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Paul Rolly: The hidden consequences of closing state parks

Published January 3, 2012 2:05 pm
This is an archived article that was published on sltrib.com in 2012, and information in the article may be outdated. It is provided only for personal research purposes and may not be reprinted.

Thirty-six years ago, several officials raised ethical questions about Navajos in San Juan County having to pay $45,000 for 860 pieces of ancient American Indian artifacts to pot hunters who had amassed the collection of pottery, tools and other relics.

The collection was turned over to the Edge of the Cedars State Park museum in Blanding for safekeeping, although the Navajos, not the state, own it. Now that the museum's existence is threatened by legislative-mandated budget cuts that could force closures of several state parks, the Navajo-owned collection could be in peril.

Gov. Gary Herbert, who visited the museum during a "jobs tour" in rural Utah several months ago, has proposed a $2.9 million supplemental appropriation to keep the parks open. The Legislature might go along with the governor after making its point about the need to trim state spending.

But the threat of closures, and the question of what would become of sacred relics belonging to an already exploited population, renews ethical questions posed by the whole issue of American Indians having to purchase what belonged to them in the first place.

The relics were paid for from the Navajo Oil Trust Fund, whose source is oil and gas royalties from Navajo lands. The fund is for the benefit of the Navajo residents in the area.

At the time, some questioned why money from a fund to benefit Navajos had to be spent to retrieve their ancient heritage from pot hunters.

Years later, a number of Anglo pot hunters were charged with felonies for illegally poaching ancient relics from public land during the early 1990s. In 2009, 26 people were arrested for taking artifacts from federal lands in southeastern Utah.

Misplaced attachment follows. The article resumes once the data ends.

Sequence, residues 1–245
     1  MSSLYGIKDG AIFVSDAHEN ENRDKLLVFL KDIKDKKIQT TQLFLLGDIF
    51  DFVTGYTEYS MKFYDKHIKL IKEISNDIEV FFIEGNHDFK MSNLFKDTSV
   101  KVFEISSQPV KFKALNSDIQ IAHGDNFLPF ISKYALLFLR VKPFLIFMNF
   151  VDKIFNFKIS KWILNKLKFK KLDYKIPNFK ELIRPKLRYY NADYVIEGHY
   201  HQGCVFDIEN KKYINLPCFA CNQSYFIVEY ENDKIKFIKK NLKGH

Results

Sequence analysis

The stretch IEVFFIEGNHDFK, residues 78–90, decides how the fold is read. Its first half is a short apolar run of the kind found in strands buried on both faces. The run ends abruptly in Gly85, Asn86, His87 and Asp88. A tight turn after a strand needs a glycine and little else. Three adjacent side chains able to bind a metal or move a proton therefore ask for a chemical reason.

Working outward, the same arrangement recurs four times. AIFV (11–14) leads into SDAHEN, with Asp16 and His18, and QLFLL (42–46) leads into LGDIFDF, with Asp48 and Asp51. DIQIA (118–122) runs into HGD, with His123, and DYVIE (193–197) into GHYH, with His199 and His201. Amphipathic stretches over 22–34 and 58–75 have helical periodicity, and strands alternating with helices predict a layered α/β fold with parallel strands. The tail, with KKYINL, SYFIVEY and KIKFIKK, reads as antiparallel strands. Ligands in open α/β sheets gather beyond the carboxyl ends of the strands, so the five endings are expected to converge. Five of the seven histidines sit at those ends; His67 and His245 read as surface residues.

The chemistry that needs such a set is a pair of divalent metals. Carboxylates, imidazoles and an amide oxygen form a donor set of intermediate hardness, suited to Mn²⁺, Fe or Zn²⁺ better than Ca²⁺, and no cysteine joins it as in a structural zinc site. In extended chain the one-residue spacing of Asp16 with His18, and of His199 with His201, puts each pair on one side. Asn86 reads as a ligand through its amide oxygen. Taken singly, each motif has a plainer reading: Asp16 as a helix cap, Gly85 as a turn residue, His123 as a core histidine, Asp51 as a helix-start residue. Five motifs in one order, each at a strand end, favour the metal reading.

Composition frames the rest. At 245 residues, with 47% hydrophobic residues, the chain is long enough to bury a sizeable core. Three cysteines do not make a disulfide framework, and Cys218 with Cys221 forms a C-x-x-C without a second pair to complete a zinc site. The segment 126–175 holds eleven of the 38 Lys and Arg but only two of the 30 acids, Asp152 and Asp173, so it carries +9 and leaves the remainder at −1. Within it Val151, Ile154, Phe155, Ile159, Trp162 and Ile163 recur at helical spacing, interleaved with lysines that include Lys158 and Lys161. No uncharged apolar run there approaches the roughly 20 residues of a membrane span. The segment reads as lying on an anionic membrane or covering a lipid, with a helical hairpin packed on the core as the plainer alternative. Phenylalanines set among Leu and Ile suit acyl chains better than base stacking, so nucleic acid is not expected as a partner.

The 860 pieces, which were purchased by the Utah Navajo Development Council, are kept in a separate area from the approximately half million pieces housed at the state-owned museum. The relics in that room are not owned by the state, but by all the Navajos in that area — the beneficiaries of the Navajo Development Council.

Shortly after the purchase, Southern Utah State University anthropology department chairman Richard Thompson said he believed the purchase of the artifacts "encouraged further destruction of archeological sites." Larry Teeter, BLM recreation specialist, said he was concerned about the transaction on the grounds of ethics. And Bruce Louthan, district archeologist for the BLM, said the local Navajo group may have purchased the relics out of fear the Anglo pot hunters would sell them to a group out of state.

Teri Paul, director of the Edge of the Cedars State Park Museum, said there is no facility in the area capable of safely storing, not to mention displaying, the special collection held so dear to the American Indians that they spent money from their oil royalties to preserve it.

The possible closure of the museum is further complicated by an entanglement of contracts with the federal government for storage and display of the relics harvested for preservation.

It's just another issue to look at during the debate on state spending and a reminder that cutting budgets is not as simple as it might seem on the surface.







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